The NRC blamed this situation on "current legislative uncertainties" concerning VA appropriations. Even with these difficulties, 20 projects approved by the CVMP were receiving VA funds in November 1947.24 In the absence of funds for more projects, Beebe and Ransmeir worked on perfecting administrative routines, such as grant application procedures and the mechanics of preparing rosters from Army and Navy files. Beebe, in particular, collaborated with project directors on improving the statistical design of the projects.25

Throughout this early period, confusion persisted about the committee's mission. How much time and effort were to go to medical follow-up, and how much to other activities? Dr. Paul Magnuson of the VA noted that his agency already had a Board of Professional Consultants; presumably, the CVMP should serve a different function. Placing heavy emphasis on medical follow-up, he thought that the committee should concern itself primarily with the "salvage of medical information from our experience in the war and overall guidance and advice in the medical research program." Committee member Francis Braceland admitted that this aspect of the committee's work had developed slowly and should be "more actively pursued." DeBakey agreed but noted that funding was problematic. Because VA rules allowed contracts to be let for only a year at a time, an investigator had no assurance of continuing support. This was an important consideration in studies involving lengthy efforts to locate records, find the participants, perform clinical procedures, collect data, and assess the results. Dr. E.H. Cushing of the VA chastised the committee for routinely approving the suggestions of other committees and not coming up with ideas of its own. Cushing and others felt that the committee had not done enough to push the idea of medical follow-up.26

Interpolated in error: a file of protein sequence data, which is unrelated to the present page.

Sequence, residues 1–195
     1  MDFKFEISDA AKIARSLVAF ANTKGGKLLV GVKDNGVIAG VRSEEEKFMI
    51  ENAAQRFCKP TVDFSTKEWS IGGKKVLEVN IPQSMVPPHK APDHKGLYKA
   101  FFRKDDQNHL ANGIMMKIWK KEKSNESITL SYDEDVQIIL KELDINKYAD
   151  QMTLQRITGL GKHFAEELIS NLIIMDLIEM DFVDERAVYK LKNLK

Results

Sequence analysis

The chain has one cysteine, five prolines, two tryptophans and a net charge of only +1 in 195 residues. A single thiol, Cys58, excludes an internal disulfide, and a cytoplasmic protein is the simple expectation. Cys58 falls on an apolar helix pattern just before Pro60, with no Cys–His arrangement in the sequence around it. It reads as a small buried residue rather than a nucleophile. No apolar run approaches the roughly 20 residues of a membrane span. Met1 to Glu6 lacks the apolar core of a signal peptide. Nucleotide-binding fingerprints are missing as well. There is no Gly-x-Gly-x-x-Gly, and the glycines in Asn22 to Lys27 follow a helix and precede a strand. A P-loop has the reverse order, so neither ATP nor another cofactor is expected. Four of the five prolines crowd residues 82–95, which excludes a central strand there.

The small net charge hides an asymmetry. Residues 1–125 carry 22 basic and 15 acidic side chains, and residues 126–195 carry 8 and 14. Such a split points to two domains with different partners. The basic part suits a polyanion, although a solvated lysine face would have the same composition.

A curious duality in the committee's work emerged. In March 1948, the committee announced a significant "reorientation" in its "program and outlook"—from follow-up studies to what it described as "the entire medical research program of the Veterans Administration, of which the follow-up studies constitute merely one significant part." At the same time, however, the entity now known as the Medical Follow-up Agency began to take shape. At the end of 1947, for the first time, an entity distinct from the Committee on Veterans Medical Problems appeared on an NRC organizational chart. The committee had made a real start toward assembling the staff and facilities needed for the follow-up projects.

A change in personnel had occurred already. On March 20, 1948, Dr. Ransmeir resigned, and was replaced by Dr. Theodore Moise, a Johns Hopkins medical school graduate and surgeon with a background in bacteriology and pathology. Bernard M. Cohen, a Ph.D. statistician, also joined the organization, initially on a six-month loan from the Department of Commerce.27 At the end of the year he was joined by Seymour Jablon, another applied mathematician. Both men, especially Jablon, would play major roles in the agency's history.

The National Academies | 500 Fifth St. N.W. | Washington, D.C. 20001
Copyright © National Academy of Sciences. All rights reserved.
Terms of Use and Privacy Statement